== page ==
The air was crisp when we awoke, which was a welcome relief particularly for David, who was able to sleep much better in cooler temperatures. We rolled out of bed and out to the terrace, shaded by a trellis covered in vines, for our breakfast. Our hosts laid out a fairly typical French breakfast of bread and croissants, yoghurt and preserves, and of course coffee. Sam, the super-friendly Spaniel who always seemed ready to roll onto his back for a belly rub, was ever-present, gazing longingly at our food. We lazily lingered over our bread before heading back into the house and readying ourselves for the day. Today, we would hit our first chateau of the Loire, the Chateau de Villandry, known for its ornate gardens. We set out on our drive; it was only about 20 minutes or so away, so we were able to amble and enjoy the drive along the river.
The Chateau de Villandry was a well-appointed manor, with a partial moat and fairly elaborate gardens. We decided to take a tour through the gardens first and soak up the warm sun a bit. The gardens were laid out like a quilt, in contained squares of geometric hedges dotted with clusterings of roses. After making our way through a good portion of it, we hiked up to the belvedere that overlooked the gardens for a better view. We headed into the chateau for a tour of the house—admiring their handsome bedrooms and hearty kitchen, for which D pined a little. We made our way up to the keep and peeked over the ramparts for an excellent top-down view of the gardens. D was fascinated with the spiral staircase, whose stairs were somewhat lopsided and a little Dali-esque. We headed out of the chateau and through a little wooded area to finish touring the gardens.
After our garden tour, we relaxed in the shade for a bit of lunch, with a sandwich and crepe. From there, we jetted back to Tours. This was probably the largest city we’d been in since Bordeaux, so it was a bit interesting finding our way into town without a detailed city map. We eventually pulled into a parkade across the street from the Tourism Office and went in to get some information. Armed with a little map of the city as well as a new guidebook on the Loire region, we headed off in the general direction of a cathedral, whose tall spires we saw poking out. D got sidetracked by an impressively large tree (206 years old) in the courtyard of the Musée des Beaux Arts. It had these massive limbs that splayed out everywhere, such that they actually needed to be propped up. Just around the corner from this massive tree was the Cathedrale St-Gatien—a ridiculously ornate cathedral that was just covered in intricate carvings. The interior was also suitably impressive, with a host of excellent stainglass windows and a majestic organ situated beneath a rose window. Once we had ogled our fill, we headed off down the street towards the old town, stopping briefly for a coffee and people-watching. D noted that Tours seemed to be filled with young people, though it wasn’t necessarily clear who were tourists and who were locals. We eventually made it to the old town, which was basically a collection of pretty half-timbered buildings surrounding a courtyard, full to the brim with restaurant tables. After checking out the local fare, we headed back to the car and managed to navigate our way out of town back to the B&B.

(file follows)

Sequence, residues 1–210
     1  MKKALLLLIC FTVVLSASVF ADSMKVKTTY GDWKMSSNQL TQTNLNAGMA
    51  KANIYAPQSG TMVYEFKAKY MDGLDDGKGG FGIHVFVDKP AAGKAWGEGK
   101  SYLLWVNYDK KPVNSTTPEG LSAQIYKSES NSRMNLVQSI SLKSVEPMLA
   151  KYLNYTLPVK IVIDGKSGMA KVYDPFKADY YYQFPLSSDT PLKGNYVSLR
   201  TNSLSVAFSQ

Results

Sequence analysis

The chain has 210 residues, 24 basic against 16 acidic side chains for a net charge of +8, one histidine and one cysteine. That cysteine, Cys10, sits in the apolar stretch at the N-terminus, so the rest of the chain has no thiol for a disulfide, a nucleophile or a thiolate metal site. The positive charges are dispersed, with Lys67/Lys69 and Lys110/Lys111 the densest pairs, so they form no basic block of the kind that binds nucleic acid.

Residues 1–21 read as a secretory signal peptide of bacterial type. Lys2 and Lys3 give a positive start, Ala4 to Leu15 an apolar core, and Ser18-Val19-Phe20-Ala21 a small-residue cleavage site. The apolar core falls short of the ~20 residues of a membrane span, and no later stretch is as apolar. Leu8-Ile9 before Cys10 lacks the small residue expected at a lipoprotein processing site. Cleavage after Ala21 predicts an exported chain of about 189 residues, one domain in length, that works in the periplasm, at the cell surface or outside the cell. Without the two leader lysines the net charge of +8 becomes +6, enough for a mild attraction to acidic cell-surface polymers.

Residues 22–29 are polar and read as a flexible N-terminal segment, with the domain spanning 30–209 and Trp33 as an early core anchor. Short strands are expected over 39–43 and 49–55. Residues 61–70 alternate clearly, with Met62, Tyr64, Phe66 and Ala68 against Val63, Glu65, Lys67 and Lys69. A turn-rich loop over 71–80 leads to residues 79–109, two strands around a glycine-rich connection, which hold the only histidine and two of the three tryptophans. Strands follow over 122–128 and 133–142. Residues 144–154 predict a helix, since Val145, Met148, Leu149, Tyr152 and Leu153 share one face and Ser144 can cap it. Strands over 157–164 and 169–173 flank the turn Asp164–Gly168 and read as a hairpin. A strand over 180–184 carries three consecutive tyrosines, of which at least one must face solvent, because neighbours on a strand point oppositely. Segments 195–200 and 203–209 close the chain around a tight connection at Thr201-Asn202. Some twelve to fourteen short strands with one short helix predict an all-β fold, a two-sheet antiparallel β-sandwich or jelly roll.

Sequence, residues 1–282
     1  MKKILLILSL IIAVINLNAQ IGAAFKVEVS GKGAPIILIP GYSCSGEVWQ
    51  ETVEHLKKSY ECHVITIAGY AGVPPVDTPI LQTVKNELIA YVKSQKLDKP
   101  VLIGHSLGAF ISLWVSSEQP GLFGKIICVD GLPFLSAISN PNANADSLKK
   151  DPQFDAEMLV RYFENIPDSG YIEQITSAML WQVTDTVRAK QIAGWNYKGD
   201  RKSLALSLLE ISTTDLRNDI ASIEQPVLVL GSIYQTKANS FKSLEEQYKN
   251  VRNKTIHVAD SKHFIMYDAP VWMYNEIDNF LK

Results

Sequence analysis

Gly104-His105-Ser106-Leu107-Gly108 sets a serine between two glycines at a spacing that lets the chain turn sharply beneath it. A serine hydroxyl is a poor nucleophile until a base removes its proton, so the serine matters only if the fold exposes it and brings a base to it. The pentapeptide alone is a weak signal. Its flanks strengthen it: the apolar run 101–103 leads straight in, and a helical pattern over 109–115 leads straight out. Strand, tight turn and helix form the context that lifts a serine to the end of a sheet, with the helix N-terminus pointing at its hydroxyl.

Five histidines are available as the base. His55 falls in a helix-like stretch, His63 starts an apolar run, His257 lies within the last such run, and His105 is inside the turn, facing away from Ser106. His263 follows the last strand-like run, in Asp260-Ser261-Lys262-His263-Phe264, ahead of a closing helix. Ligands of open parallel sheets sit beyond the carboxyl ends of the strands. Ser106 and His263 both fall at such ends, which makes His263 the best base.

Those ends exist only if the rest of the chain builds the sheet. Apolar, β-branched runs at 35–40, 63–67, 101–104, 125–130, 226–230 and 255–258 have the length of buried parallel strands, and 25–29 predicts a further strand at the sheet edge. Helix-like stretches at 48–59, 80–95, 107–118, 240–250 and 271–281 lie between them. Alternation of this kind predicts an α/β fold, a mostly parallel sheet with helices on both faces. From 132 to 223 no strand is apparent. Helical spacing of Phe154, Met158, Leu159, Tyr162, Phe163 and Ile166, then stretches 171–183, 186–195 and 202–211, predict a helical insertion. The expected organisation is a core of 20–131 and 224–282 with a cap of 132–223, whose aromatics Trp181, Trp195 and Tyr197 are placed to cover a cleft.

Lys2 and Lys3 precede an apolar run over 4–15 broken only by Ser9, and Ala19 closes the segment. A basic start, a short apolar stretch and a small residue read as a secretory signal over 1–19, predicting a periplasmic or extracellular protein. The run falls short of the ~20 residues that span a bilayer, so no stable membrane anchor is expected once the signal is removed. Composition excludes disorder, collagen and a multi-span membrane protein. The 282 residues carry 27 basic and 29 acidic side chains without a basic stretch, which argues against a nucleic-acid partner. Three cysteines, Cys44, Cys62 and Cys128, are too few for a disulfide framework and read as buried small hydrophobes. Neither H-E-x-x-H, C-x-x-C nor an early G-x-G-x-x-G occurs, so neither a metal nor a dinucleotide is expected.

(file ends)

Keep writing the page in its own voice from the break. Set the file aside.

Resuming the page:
We ended up relaxing in the relative quiet of our B&B, watching a bit of Lord of the Rings (and subsequently falling asleep). We finally woke ourselves up enough to head back into Tours for some dinner. We parked closer to the old town, only a short walk away, and were soon perusing the menus to try and decide our choice for the evening. We ultimately settled on Italian at a fairly modern-looking restaurant on the main strip. Food was passable; though service was slow (not surprisingly since there was only one poor waiter for everybody). After lingering over dessert, we eventually made our way back home for the evening.